52 Films by Women Vol 2. 24. The Zookeeper’s Wife (Director: Niki Caro)

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Still: Panic following the invasion of Poland as recreated in The Zookeeper's Wife, starring Jessica Chastain. Image courtesy of Focus Features/Universal.

Never confuse an important subject with an important film.

The Zookeeper’s Wife has an important subject, focussing on the selfless work done under threat of death by Antonina Žabińska and her husband Jan Žabiński in Nazi-occupied Poland during World War Two. Together, they provided refuge for some 300 Jewish men, women and children, smuggled out of the Warsaw Ghetto, in the grounds of Warsaw’s bombed-out zoo that they formerly managed. Madame Žabińska’s houseguests were lodged in disused cages and underground tunnels whilst the zoo was re-purposed as a pig farm, producing meat (eventually) for the Polish Resistance. Of the many guests, there were only two fatalities – a mother and daughter discovered by the Nazis and killed. Madame Žabińska had a German admirer, Lutz Heck, who, whilst not exactly looking the other way, ensured at least that she was above reproach. The killing of the zoo’s stock by trigger happy Nazis left Madame Žabińska devastated. She was also a music lover. When visitors came, she played piano to warn her guests to hide until the danger was over.

In translating this story into a narrative feature film, the writer and director - in this instance, Angela Workman, adapting Diane Ackerman’s biography of Žabińska, and Niki Caro - are expected to take the audience on an emotional journey. The sense of danger should be constant. They should understand that it is not so easy to feed tens of houseguests without the Germans knowing and they should explain – as I imagine was the case – that human excrement was mixed with pig waste to hide the evidence of habitation.

But The Zookeeper’s Wife is a Hollywood film – and Hollywood don’t do pig shit.

The part of Antonina Žabińska is played by Jessica Chastain, who rose to stardom portraying hard-as-nails women such as CIA Agent Maya in Zero Dark Thirty, mob daughter Anna in A Most Violent Year and Lady Lucille in Crimson Peak. Her most recent release, Miss Sloane, features her as the titular political lobbyist who takes on the firearms industry. Chastain’s characters stake their claim in hostile male environments and make their points loudly and clearly. Antonina is not a typical Chastain role. She cannot be loud and vocal against injustice under Nazi occupation. Loud and vocal gets you shot.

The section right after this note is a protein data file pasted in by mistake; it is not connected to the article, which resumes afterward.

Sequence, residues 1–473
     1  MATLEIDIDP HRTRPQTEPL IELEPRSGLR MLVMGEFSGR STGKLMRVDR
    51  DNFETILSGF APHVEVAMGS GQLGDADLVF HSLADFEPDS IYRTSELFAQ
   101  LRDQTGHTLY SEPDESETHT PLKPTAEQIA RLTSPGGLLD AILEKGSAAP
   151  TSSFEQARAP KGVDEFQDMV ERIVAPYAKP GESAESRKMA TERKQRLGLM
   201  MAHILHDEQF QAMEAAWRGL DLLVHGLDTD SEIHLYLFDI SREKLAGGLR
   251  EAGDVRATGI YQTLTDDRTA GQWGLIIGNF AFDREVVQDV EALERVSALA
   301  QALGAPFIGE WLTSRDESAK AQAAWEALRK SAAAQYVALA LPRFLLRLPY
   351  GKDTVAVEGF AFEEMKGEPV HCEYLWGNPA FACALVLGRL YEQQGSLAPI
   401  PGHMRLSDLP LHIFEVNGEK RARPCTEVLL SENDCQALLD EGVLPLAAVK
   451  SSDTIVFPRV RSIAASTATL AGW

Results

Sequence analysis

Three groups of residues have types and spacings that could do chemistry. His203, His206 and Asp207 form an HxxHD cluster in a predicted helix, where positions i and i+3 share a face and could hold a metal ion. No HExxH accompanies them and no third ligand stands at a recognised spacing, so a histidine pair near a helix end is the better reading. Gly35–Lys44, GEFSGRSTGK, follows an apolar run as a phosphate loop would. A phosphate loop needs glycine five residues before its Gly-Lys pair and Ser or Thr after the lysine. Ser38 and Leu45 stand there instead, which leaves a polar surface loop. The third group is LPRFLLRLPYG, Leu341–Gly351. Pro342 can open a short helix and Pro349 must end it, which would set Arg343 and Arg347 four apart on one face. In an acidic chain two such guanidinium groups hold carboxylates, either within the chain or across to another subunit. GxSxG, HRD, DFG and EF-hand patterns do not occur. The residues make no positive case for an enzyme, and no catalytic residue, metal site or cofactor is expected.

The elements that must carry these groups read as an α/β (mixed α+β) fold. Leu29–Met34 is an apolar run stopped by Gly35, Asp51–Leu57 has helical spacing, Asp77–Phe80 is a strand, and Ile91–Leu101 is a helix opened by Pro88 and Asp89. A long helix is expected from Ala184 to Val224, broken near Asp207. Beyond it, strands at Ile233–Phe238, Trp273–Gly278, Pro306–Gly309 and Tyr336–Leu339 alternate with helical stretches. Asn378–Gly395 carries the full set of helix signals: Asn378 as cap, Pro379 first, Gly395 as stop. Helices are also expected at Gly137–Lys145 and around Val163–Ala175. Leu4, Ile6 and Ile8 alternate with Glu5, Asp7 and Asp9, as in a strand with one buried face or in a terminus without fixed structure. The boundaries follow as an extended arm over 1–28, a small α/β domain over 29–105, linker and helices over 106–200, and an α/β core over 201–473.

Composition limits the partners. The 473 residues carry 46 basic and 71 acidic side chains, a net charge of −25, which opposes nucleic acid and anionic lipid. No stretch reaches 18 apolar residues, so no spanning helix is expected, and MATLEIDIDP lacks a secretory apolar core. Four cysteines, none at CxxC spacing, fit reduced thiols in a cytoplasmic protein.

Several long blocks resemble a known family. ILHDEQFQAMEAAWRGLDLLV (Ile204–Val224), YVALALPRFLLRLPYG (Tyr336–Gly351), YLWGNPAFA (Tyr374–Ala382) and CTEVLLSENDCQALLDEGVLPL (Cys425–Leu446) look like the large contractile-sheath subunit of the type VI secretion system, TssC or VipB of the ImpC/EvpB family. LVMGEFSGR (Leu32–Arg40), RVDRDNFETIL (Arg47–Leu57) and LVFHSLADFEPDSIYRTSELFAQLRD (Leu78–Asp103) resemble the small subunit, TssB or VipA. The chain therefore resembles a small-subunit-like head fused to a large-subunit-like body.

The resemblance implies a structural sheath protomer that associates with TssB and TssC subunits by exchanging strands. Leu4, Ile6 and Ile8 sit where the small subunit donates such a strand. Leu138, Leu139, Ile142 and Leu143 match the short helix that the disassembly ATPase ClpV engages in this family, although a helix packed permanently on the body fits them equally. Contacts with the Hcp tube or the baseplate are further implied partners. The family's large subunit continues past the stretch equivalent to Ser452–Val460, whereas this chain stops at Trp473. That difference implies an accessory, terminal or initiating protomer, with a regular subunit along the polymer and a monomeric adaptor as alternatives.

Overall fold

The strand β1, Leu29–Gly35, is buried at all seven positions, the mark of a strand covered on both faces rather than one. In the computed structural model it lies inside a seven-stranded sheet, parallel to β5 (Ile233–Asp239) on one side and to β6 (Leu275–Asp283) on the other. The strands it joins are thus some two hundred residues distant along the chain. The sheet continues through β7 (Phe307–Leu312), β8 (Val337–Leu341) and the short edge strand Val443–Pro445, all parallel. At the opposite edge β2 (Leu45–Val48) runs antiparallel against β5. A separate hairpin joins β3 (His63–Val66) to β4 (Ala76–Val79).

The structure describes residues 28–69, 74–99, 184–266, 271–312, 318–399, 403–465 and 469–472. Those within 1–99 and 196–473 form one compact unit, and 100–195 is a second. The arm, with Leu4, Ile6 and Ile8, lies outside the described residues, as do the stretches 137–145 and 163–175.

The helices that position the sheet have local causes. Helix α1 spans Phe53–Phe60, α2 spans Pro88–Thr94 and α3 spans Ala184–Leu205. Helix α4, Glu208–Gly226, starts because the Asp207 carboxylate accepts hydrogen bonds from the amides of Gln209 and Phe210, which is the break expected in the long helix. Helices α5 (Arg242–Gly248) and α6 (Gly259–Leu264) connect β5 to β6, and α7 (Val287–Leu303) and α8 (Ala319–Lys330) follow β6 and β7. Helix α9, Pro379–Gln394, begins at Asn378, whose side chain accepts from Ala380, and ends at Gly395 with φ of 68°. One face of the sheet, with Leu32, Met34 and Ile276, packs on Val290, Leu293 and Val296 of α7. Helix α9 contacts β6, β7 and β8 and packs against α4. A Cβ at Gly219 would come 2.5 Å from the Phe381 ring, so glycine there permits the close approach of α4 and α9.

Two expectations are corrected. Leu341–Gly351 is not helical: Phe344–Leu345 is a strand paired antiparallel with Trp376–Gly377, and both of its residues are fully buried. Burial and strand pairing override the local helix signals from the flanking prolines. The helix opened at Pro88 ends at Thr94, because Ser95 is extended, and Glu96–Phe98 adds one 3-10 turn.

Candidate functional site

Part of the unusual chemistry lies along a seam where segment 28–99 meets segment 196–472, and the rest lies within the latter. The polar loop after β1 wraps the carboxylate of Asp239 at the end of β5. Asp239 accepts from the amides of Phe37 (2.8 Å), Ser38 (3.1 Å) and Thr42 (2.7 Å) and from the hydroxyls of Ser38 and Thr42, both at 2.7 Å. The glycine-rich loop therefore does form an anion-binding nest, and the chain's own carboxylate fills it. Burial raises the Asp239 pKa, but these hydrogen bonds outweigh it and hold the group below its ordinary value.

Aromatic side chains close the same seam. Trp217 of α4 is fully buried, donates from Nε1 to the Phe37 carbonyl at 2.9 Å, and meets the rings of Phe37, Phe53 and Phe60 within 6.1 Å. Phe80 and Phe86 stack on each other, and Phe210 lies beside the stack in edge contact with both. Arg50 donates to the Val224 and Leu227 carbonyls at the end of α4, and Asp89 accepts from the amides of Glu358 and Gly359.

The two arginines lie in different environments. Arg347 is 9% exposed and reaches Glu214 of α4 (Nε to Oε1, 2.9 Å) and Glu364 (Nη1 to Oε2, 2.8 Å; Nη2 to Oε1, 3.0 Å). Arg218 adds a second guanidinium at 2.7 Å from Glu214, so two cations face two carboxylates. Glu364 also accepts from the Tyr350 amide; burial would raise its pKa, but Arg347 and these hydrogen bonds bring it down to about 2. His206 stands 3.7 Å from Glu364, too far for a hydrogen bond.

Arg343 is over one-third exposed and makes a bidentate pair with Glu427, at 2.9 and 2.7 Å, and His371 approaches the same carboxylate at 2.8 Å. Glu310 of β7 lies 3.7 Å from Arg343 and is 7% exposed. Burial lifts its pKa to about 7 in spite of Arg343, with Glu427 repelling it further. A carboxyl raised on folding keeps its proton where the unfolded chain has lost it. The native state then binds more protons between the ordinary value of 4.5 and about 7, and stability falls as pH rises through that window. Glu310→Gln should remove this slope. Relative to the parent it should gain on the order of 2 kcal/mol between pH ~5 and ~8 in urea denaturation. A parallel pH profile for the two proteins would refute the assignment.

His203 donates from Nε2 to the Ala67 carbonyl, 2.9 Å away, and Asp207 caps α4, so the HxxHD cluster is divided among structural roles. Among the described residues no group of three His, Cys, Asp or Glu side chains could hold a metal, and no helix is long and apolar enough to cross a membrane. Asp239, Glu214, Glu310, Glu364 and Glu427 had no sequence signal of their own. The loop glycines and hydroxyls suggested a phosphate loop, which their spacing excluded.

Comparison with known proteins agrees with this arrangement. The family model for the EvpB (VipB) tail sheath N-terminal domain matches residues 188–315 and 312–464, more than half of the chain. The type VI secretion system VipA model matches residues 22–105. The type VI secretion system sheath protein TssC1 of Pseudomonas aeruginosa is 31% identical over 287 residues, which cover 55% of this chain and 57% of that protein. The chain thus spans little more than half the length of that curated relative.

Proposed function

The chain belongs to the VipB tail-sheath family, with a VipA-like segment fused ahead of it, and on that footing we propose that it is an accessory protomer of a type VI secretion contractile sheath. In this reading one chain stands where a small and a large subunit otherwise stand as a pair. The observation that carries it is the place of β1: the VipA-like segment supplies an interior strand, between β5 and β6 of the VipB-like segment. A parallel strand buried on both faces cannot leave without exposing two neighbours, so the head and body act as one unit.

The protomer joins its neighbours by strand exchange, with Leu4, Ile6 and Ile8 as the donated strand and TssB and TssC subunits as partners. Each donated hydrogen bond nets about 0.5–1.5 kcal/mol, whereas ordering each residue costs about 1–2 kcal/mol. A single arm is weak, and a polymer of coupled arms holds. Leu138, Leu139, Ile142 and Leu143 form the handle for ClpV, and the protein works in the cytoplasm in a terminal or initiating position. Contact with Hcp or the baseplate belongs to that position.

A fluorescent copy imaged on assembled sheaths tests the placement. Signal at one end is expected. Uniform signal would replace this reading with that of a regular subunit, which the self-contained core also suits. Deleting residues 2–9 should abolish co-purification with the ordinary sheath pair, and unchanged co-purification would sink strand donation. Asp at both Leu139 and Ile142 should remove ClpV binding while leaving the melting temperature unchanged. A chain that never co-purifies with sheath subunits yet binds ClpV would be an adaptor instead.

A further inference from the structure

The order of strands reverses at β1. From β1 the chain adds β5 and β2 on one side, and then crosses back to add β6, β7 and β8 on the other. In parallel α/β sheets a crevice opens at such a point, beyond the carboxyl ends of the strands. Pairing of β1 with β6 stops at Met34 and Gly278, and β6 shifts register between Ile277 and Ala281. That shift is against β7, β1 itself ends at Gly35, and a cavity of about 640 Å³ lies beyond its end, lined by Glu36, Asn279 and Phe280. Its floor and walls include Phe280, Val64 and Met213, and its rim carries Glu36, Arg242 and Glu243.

Still: Mme Žabińska (Jessica Chastain) sits among her 'guests' in The Zookeeper's Wife. Image courtesy of Focus Features/Universal

Antonina is a caring zookeeper. We first meet her tending to an elephant in distress. She is like a young person in the most wonderful place in the world as she speeds past all the cages on her bicycle. Then Hitler orders the invasion of Poland on 1 September 1939 and everything changes. Polish troops are unable repel the might of the German Wehrmacht. The Polish Government retreats to Romania and the defenders of the Poland’s capital city, Warsaw, give up on 29 September. No sooner have the last Poles surrendered their weapons in early October than Adolf Hitler addresses the Reichstag and makes a pledge to ‘re-organize the ethnographic conditions’ in Europe. As for the Poles themselves, if they cannot be Germanized, they are to be reduced to a nation of slaves, receiving no more education beyond the four year elementary school; reading is not considered an essential skill. The Nazis carry out murderous campaigns not just against Jews and partisans but also Catholic priests, the intelligentsia and Polish Nationalists. The Polish Resistance only becomes emboldened once Nazi Wehrmacht forces are defeated at Stalingrad in January 1943. Resistance is met with counter-violence. Between October 1943 and July 1944, 2,705 Poles are publically executed in Warsaw, whilst another 4,000 are killed in secret.